Tongue and Rabbet

The Tongue and Rabbit joint joins two boards at a ninety degree angle, and includes a mechanical 'lock', preventing the joint from separating in all but one direction.
The two components are prepared square and true, with the ends shot square. In this example, they are of the same width, and thickness, but this is not necessary.
Set a marking gauge to the width of the board that will have the bare-faced tongue.
I'm using a gauge with a crescent tipped blade, and have the bevel facing the stock.
I like to set the point (or tip of the bevel in this case) a tad over the width
This ensures a crisp line, with any crushing of fibres being on the waste side, and final flushing of the joint taking just a shaving or two from the end grain.
For good measure, I knife the line a little deeper.
I shall be using a miniature router to remove the waste, but a narrow chisel will work just fine.
The width of the blade is marked from the gauge line, towards to end..
..and a knife line made to define the groove that needs to be cut.
Paring from the waste into the base of the knife lines..
..leaves two knife walls to guide the saw.

Use the marking gauge to gauge a depth line approximately a quarter to a third the board's thickness.
Carefully saw down to the depth line at each knife wall, keeping the saw plate perpendicular to the board.
Remove the waste to depth.
This is ideal territory for the router plane, taking thick shavings between the sawn walls of the groove.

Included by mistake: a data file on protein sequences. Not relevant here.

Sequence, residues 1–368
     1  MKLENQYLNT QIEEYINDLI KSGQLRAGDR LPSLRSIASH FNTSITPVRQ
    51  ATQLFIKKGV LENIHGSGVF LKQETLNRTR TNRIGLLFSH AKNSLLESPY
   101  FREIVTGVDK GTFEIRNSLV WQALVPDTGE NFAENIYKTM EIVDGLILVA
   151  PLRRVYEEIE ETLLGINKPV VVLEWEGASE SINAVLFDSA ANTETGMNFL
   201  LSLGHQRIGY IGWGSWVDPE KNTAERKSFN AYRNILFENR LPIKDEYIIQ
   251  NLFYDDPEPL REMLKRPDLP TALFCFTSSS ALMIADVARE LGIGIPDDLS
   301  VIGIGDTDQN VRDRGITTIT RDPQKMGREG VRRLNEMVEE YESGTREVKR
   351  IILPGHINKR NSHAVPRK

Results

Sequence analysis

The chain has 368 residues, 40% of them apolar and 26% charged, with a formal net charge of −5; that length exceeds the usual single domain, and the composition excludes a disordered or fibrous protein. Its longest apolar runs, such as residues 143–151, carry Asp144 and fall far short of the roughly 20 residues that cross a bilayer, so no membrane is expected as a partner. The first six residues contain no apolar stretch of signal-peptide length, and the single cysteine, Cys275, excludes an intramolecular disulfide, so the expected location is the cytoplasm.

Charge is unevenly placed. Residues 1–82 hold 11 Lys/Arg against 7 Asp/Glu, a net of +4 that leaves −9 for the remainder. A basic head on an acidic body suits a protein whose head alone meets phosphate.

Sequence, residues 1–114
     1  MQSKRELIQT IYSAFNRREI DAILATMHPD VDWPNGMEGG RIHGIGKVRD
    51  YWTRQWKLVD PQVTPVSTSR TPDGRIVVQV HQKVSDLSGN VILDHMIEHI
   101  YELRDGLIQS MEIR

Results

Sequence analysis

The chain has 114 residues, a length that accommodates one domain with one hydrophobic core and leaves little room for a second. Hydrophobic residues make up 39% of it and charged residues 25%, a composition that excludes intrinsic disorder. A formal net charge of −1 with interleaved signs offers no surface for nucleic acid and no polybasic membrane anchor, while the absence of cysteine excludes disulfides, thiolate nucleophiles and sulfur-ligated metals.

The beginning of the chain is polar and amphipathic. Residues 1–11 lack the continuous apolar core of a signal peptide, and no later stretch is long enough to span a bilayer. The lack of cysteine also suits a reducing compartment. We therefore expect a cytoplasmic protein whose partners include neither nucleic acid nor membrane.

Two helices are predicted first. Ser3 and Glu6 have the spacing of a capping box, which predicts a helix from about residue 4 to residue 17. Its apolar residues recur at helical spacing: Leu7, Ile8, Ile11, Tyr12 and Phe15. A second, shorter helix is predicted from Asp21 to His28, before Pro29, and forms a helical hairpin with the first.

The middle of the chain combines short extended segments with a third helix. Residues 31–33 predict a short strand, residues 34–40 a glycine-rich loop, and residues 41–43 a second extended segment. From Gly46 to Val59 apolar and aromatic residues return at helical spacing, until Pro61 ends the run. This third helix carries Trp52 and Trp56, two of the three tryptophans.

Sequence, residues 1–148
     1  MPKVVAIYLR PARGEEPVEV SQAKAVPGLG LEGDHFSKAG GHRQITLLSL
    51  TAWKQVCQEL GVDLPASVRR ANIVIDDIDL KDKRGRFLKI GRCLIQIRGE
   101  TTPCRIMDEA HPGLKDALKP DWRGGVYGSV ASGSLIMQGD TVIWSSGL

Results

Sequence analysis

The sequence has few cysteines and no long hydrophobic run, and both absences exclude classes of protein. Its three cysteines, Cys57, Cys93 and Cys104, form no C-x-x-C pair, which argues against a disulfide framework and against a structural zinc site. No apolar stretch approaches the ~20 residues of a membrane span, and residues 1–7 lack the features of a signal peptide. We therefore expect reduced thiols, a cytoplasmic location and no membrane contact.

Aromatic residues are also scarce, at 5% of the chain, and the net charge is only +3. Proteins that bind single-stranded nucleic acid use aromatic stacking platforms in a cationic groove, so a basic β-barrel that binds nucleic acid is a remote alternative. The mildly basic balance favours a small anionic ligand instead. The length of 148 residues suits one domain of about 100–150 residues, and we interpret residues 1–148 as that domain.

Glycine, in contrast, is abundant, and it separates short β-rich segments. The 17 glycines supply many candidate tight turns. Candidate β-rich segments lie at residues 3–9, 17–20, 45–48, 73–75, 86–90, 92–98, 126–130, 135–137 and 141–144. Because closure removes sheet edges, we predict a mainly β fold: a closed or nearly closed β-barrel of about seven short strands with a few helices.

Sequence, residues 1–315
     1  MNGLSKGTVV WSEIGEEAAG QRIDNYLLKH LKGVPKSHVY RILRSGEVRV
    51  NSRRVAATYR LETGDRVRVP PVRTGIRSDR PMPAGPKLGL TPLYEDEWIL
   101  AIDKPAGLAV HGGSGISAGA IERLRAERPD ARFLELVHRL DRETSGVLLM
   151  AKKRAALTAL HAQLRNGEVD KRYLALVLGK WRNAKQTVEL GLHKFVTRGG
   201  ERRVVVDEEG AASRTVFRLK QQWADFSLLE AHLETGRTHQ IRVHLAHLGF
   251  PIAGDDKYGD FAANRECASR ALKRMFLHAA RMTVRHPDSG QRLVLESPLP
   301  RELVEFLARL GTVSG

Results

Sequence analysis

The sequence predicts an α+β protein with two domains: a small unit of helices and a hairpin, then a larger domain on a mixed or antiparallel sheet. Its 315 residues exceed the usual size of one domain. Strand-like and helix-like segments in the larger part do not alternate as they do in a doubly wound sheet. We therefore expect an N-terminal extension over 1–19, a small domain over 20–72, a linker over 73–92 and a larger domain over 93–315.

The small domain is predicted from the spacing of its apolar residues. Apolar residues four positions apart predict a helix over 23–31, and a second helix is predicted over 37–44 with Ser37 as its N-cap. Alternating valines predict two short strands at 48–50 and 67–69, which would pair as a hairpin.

Paring the waste with a narrow chisel, held almost horizontal will work just fine.
In either case, work from both sides towards the centre to avoid breakout.
Ensure that the botton of the groove is flat, or even slightly concave, so that the tongue will seat well across the full width. You can test for this by standing the blade of a try-square along it.
Stand the tongue board on top of the groove, aligned against the inside edge, and mark the tongue thickness.
A pencil mark is fine, as we shall saw the tongue thick and pare to a snug fit.
Now stand a corner of the tongue board in the groove..
..and mark the length of the tongue with a knife resting flat on the other board.
This is the section we need to remove.
Knife the length of the tongue across the board, using a try-square..
..and gauge it's thickness on the end, with the marking gauge.
Pare a knife wall..
..and saw the shoulder of the tongue.
Now saw the face of the tongue, releasing the section of waste.
The initial aim is for a sawn tongue, which is just slightly too thick..
..which can be cleaned up with either a chisel or shoulder plane..
..such that it makes a snug fit.
Apply glue to the joint surfaces..
..and assemble.
If your preparation was sound, then the two components should sit square.
Leave to cure.
The faint gauge marks can be planed off with a couple of shavings.

Now watch the video: 

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